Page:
131. oldbrew says:

    Democracy bypass – coming soon to a council near you?

    Council chiefs ‘covered up’ data that could put climate zones ‘into jeopardy’

    Left-wing officials in Oxford accused of ‘railroading through’ green scheme that could increase traffic
    25 March 2023

    Oxfordshire County Council has been accused of “hiding crucial figures” from residents, which show its scheme could increase traffic.

    Tory councillors are demanding that the Labour-Lib Dem-Green coalition returns to the drawing board, criticising it for “acting like masters” who “railroad through” climate ideas in a “democracy-free zone”.
    . . .
    Amid rising opposition in the city, Liz Leffman, the council leader, has called critics “conspiracy theorists”. Police have been called in, while thousands have signed petitions against the zones.

  132. Paul Vaughan says:

    “Talkshop investigators are on the case

    I noticed (~4 months ago) that the discussion closed at the introduction of Chen primes. I was about to (further) underscore constraint of Standish (1992) solutions (and the belief systems of orrery lovers more generally) by numerical methods (nothing to do with politics).

  133. oldbrew says:

    El Niño WATCH continues

    All climate models surveyed by the Bureau suggest that El Niño thresholds are likely to be approached or exceeded during the southern hemisphere winter.
    (March 28th edition)

  134. oldbrew says:

    No evidence for absence of solar dynamo synchronization (March 2023)
    F. Stefani1, J. Beer2, T. Weier1

    Context. The old question of whether the solar dynamo is synchronized by the tidal forces of the orbiting planets has recently received renewed interest, both from the viewpoint of historical data analysis and in terms of theoretical and numerical modelling.

    Aims. We aim to contribute to the solution of this longstanding puzzle by analyzing cosmogenic radionuclide data from the last millennium.

    Methods. We reconsider a recent time-series of 14C-inferred sunspot data and compare the resulting cycle minima and maxima with the corresponding conventional series down to 1610 A.D., enhanced by Schove’s data before that time.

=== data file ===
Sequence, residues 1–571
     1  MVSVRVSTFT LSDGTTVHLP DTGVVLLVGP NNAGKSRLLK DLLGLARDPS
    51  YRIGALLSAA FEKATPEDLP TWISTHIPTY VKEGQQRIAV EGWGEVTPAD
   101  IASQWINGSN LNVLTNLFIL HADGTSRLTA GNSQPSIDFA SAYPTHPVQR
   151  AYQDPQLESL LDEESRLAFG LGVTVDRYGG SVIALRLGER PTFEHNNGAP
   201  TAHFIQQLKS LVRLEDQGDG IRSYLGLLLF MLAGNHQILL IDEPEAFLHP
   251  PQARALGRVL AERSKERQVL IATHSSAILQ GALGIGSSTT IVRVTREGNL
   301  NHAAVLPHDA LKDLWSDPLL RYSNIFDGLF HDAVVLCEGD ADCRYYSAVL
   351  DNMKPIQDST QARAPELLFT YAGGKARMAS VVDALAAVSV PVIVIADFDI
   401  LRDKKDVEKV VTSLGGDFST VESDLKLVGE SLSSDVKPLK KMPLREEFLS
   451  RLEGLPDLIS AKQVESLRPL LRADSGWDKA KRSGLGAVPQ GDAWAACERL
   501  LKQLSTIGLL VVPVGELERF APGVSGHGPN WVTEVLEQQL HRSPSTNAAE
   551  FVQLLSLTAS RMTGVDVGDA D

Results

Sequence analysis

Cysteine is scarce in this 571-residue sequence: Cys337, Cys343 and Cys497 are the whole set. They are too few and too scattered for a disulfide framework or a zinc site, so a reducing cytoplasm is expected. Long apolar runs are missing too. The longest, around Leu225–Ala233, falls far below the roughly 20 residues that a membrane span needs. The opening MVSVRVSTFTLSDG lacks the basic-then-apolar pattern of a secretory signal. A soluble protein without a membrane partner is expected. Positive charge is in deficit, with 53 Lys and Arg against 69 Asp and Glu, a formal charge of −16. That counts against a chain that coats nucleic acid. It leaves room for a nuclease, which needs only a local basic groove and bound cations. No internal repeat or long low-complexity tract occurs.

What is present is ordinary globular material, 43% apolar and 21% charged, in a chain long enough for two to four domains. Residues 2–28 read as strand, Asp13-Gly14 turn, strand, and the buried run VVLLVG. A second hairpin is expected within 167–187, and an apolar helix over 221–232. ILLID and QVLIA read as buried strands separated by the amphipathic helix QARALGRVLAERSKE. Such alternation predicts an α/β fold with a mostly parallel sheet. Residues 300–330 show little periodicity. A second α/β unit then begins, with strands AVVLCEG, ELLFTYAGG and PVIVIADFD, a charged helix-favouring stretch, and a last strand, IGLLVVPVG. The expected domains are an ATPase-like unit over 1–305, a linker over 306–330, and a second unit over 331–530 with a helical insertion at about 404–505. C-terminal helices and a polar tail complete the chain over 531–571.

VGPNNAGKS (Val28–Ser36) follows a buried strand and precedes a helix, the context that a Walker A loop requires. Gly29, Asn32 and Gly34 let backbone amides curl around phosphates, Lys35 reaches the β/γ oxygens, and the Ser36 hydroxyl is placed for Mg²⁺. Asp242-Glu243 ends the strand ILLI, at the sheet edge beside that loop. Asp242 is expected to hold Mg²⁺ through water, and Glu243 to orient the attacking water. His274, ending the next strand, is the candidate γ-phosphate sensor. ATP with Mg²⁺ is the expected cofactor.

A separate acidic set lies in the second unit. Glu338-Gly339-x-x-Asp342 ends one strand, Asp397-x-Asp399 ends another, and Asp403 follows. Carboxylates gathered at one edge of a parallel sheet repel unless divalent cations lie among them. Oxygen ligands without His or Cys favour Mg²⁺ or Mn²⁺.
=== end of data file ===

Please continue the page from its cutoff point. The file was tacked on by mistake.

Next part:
Results. We find that, despite recent claims to the contrary, the 14C-inferred sunspot data are well compatible with a synchronized solar dynamo, exhibiting a relatively phase-stable period of 11.07 years, which points to a synchronizing role of the spring tides of the Venus-Earth-Jupiter system.

    Click to access 2303.01154.pdf

  135. Paul Vaughan says:

    Whether synchronized or not:
    “It’s proof runs to between 10k & 100k pages. […] There were some mistakes in it. […] The result is probably true and I don’t understand it.” John Conway speaks at the beginning and again around time indices 447, 744, & 937. I wonder if he (consciously) ignored the timing: “Why 196883? That’s just the way it is.”

    With demystified hindsight, precise distinction of JEV sidereal from anomalistic is simple (& sporadic – and not political at all).

  136. oldbrew says:

    This paper proposes some unlikely(?) numbers for Earth’s long term obliquity.

    Natural Science > Vol.13 No.8, August 2021
    New Long-Term Climate Oscillations
    Joseph J. Smulsky
    Institute of Earth’s Cryosphere, Tyum. SC of SB RAS, Federal Research Center, Tyumen, Russia.
    DOI: 10.4236/ns.2021.138028

    All these motions lead to oscillations of the obliquity in the range of 14.7° to 32.1°, which prove to be 7 – 8 times larger than obtained by a previous theory. In the same proportion, the Earth’s insolation oscillations increase in amplitude, with insolation extremes occurring in other epochs than those in the previous theory. The amplitudes and the onset times of the extremes correlate with known paleoclimate changes.

    Quote: ‘This paper presents the results of decades of theoretical studies.’

  137. oldbrew says:

    The Tayler Instability

    Whenever an electric current flows through a liquid conductor, the Tayler instability may appear. If the electric current exceeds a value in the order of kiloampère (depending on the material), it will drive a fluid flow. The Tayler instability was observed experimentally for the first time at HZDR (Seilmayer et al., Phys. Rev. Lett. 108 (2012), 244501).
    . . .
    Besides of liquid metal batteries, the TI is heavily discussed in astrophysics, e.g. for the chemical mixing in stars, the appearance of helical structures in cosmic jets or in context with the Tayler-Spruit dynamo. Recently observed helicity oscillations and their possible synchronisation with planetary forces may potentially help to explain the 11-year sunspot cycle.
    [bold added]
    – – –
    Published: 01 September 2016
    Synchronized Helicity Oscillations: A Link Between Planetary Tides and the Solar Cycle?
    F. Stefani, A. Giesecke, N. Weber & T. Weier

    Specifically, we speculate that the tidal oscillation of 11.07 years induced by the Venus–Earth–Jupiter system may lead to a 1:1 resonant excitation of the oscillation of the α-effect. Finally, we recover a 22.14-year cycle of the solar dynamo in the framework of a reduced zero-dimensional α–Ω dynamo model.